It's no fun cooking for just one person, so I make a lot of food. I get it from my Grandma. She fed everyone who walked in her door. We always felt comfortable rummaging through the fridge when we went to her house, knowing there would be some leftovers, and that nothing was off-limits. Even when her ten children grew up and moved away from home, Grandma never quite learned how to cook meals for just two people. She loved to make lots of food for her large family whenever we got together.
So there's something about food that says "hospitality" to me. I'm not the best entertainer or joke-teller, and I can't do any parlor tricks for my guests, but food--food I can do pretty well. Today I'd like to talk about the role of food in the gospel.
When the Savior finished His Olivet discourse on the destruction of Jerusalem and the signs of His second coming, He followed up His doomsday prophecies with instructions on how to prepare for His return. To illustrate the principles He taught, He gave three parables--the parables of the ten virgins, the talents, and the sheep and the goats (see Matt. 25). He then taught them of the eschatological consequences of their mortal actions:
"Then shall the King say unto them on his right hand, Come, ye blessed of my Father, inherit the kingdom prepared for you from the foundation of the world: For I was an hungered, and ye gave me meat: I was thirsty, and ye gave me drink...Then shall the righteous answer him, saying, Lord, when saw we thee an hungred, and fed thee? or thirsty, and gave thee drink?...And the King shall answer and say unto them, Verily I say unto you, Inasmuch as ye have done it unto one of the least of these my brethren, ye have done it unto me" (Matthew 25:34-40).
In listing charitable acts expected of true Christians, Christ explicitly lists feeding the hungry. And when we feed hungry people, the Lord makes it clear that that act has the same eternal reward as feeding the Savior Himself. Your guest therefore represents Christ to you, and in feeding Him you nourish the body of Christ (1 Corinthians 12:27).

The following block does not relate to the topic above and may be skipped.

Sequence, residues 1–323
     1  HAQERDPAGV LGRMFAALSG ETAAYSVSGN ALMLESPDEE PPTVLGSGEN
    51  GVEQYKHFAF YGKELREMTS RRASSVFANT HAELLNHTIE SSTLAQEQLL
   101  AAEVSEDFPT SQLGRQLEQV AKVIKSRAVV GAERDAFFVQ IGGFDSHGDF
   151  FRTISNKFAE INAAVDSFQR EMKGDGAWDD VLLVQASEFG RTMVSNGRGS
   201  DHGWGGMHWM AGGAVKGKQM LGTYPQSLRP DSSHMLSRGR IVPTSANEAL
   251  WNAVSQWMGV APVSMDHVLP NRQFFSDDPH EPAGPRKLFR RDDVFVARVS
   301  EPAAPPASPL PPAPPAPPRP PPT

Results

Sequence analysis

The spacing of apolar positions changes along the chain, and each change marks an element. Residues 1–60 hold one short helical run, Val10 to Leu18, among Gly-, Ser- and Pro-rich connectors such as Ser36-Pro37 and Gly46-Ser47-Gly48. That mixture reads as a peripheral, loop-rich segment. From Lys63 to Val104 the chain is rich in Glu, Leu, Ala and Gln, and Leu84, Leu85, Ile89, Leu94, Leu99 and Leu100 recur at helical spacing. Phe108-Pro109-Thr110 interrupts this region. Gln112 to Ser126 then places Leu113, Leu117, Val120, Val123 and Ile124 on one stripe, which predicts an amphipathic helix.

I remember one occasion last year when a roommate and I were making food for an acquaintance and his wife, who were coming to dinner that evening. A mutual friend wandered in and, observing the preparations for dinner already well underway, the rolls rising in the corner while the soup simmered on the stove, one of us setting the table while the other made the salad dressing, she remarked, "Wow! This is fancy! Who are you having over for dinner? The President?"
I quoted to her the Savior's words in the book of Matthew, and then asked simply, "If Jesus were coming to dinner, what would you feed Him?" She laughed.
It was an honor to eat with our friends that night, as we came to understand Paul's admonition: "Be not forgetful to entertain strangers: for thereby some have entertained angels unawares" (Hebrews 13:2). They were angels indeed, and they blessed our home with their presence.
I guess my point is this: I like feeding people. (And I'll feed you, if you're hungry!) It's one of the ways I show love. And I've come to realize that when I see my guests as representatives of the Savior, I am less inclined to judge them and more inclined to learn from them. After all, if Christ came to dinner I would ask Him to teach me--and everyone I meet has something to teach me, if I am humble enough to learn from even "the least of these my brethren."